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State Officials Urge Caution Against Malaria

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Author name: Lee Health


Malaria graphic

“Drain and cover.” These precautionary actions will help limit your exposure to mosquito-borne illnesses, state health officials say.

The watchwords appeared in a Florida Department of Health (FDOH) health advisory issued last month in response to four malaria cases diagnosed in Sarasota County. The cases were joined by another one diagnosed in Texas.

All cases were local transmissions, meaning the people were exposed and bitten locally. Each person has received treatment and recovered from the potentially fatal disease.

The last time an outbreak of locally acquired cases occurred was in 2003 when eight people were diagnosed in Palm Beach County. Most cases in our country happen in travelers and immigrants returning from countries where malaria infection rates are high, mostly in sub-Saharan Africa and South Asia. According to the Centers for Disease Control and Prevention, about 95 percent of malaria infections are acquired in Africa.

In the United States, around 2,000 cases of malaria are diagnosed each year.  

Meanwhile, Florida and Texas Department of Health officials continue to work with local health departments to conduct ongoing surveillance for additional cases and mosquito surveillance and control.

What causes malaria?

Malaria is caused by a parasite that commonly infects a certain type of mosquito that feeds on humans. People who get malaria typically develop high fevers, shaking chills, and flu-like illnesses. You can’t get malaria from casual contact with people infected with malaria, such as sitting next to someone who has malaria.

How is malaria detected and treated?

A diagnostic test is the best way for you and your primary care doctor to know whether you have malaria. A drop of your blood is examined under the microscope to see if malaria parasites are present. If you’re sick and there’s any suspicion of malaria (for example, if you have recently traveled in a country where malaria transmission occurs), the test should be done right away.

Many effective antimalarial drugs are available. You and your doctor will decide on the best drug for you, if any, based on your travel plans, medical history, age, drug allergies, pregnancy status, and other factors.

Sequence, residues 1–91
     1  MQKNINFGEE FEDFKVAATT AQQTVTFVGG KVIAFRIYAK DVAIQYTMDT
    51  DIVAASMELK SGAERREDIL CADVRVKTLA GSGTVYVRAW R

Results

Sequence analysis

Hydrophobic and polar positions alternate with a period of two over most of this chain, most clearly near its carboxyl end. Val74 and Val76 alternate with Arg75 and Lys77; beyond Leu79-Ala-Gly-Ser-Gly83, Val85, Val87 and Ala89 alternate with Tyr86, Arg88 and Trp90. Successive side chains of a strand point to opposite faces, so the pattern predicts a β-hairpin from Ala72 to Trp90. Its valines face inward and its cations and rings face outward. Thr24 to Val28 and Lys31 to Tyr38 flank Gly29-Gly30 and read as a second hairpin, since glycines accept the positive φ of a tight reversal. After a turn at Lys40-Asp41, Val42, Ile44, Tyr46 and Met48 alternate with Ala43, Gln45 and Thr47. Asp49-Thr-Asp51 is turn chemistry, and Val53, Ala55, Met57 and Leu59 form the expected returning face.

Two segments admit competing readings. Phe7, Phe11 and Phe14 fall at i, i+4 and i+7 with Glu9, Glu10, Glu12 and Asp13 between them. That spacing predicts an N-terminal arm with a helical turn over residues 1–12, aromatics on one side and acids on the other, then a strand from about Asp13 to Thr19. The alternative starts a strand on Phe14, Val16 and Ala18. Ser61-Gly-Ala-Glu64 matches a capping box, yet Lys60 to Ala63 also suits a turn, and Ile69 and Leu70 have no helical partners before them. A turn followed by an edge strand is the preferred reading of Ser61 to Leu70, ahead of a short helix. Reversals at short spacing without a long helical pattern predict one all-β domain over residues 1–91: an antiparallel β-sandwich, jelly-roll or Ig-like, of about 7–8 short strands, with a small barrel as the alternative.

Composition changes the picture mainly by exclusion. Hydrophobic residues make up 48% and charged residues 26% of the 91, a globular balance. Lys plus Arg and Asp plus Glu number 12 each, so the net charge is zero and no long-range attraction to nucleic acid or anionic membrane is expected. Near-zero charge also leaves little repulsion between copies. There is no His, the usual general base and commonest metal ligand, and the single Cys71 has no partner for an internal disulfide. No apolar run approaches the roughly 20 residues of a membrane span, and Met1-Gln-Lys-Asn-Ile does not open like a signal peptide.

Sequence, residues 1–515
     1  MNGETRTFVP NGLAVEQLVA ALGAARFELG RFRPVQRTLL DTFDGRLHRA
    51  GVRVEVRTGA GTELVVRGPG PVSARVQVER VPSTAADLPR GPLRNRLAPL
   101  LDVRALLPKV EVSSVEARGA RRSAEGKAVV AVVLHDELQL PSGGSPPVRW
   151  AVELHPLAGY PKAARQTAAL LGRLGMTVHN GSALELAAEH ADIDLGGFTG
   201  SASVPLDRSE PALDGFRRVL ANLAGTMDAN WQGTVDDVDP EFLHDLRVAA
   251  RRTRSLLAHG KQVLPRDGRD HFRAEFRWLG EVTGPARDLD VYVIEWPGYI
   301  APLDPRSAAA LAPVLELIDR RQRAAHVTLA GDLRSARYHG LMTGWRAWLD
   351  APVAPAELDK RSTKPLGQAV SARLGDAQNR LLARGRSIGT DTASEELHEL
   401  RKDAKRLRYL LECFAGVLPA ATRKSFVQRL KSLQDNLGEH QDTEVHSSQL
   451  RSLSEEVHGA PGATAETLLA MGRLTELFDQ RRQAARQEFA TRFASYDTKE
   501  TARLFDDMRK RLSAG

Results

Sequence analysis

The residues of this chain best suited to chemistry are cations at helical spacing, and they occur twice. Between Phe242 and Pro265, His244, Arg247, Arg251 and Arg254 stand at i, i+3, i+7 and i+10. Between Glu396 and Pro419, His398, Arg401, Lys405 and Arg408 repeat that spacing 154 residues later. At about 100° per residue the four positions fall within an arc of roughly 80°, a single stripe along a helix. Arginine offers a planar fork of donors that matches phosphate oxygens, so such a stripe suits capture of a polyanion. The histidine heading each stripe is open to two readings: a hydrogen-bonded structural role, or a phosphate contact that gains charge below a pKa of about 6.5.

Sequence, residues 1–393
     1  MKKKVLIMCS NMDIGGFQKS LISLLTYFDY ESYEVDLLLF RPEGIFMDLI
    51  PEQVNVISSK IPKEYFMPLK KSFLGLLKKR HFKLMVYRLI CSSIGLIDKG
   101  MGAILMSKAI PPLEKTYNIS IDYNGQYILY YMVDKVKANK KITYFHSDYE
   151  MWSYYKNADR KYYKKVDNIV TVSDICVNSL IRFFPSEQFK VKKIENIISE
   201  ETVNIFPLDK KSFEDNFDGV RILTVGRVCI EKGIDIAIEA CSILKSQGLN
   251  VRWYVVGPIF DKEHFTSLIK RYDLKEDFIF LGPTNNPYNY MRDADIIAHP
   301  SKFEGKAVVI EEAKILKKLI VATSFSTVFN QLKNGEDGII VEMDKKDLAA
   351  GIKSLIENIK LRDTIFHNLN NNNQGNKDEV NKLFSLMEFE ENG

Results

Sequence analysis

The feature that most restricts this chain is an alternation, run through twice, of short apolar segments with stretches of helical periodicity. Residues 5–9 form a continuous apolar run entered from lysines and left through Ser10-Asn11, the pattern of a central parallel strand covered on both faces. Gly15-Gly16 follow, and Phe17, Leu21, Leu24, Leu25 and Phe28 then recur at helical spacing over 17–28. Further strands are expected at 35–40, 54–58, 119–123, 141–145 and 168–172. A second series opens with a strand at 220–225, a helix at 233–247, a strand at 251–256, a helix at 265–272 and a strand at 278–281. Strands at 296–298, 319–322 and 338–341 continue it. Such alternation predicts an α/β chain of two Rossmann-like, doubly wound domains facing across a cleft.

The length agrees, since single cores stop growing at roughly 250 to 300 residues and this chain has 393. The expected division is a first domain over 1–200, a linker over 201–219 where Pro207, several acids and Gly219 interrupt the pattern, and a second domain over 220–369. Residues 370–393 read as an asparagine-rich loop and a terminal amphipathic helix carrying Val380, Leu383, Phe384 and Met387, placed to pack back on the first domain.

Stay cautious

Despite the recent cases in Sarasota County, FDOH officials report the risk of locally acquired malaria remains extremely low in the United States. So while you shouldn’t be alarmed, you should be cautious.

That’s why you should “drain and cover” to protect yourself throughout the July Fourth weekend and the rest of summer.

What is drain and cover?

DRAIN standing water to stop mosquitoes from multiplying.

  • Drain water from garbage cans, house gutters, buckets, pool covers, coolers, toys, flower pots or any other containers where sprinkler or rainwater has collected.
  • Discard old tires, drums, bottles, cans, pots and pans, broken appliances and other items that aren't being used.
  • Empty and clean birdbaths and pet water bowls at least once or twice a week.
  • Protect boats and vehicles from rain with tarps that don’t accumulate water.
  • Maintain swimming pools in good condition and appropriately chlorinated. Empty plastic swimming pools when not in use.

COVER skin with clothing or repellent.

  • Clothing - Wear shoes, socks, long pants and long sleeves. This type of protection may be necessary for people who must work in areas where mosquitoes are present.
  • Repellent - Apply mosquito repellent to bare skin and clothing.
  • Always use repellents according to the label. Repellents with DEET, picaridin, oil of lemon eucalyptus, para-menthane-diol, 2-undecanone and IR3535 are effective.
  • For more information on what repellent is right for you, consider using the Environmental Protection Agency’s search tool to help choose skin-applied repellent products.
  • Use mosquito netting to protect children younger than two months old.

COVER doors and windows with screens to keep mosquitoes out of your house.

  • Repair broken screening on windows, doors, porches, and patios.

Source: Florida Department of Health - Collier County

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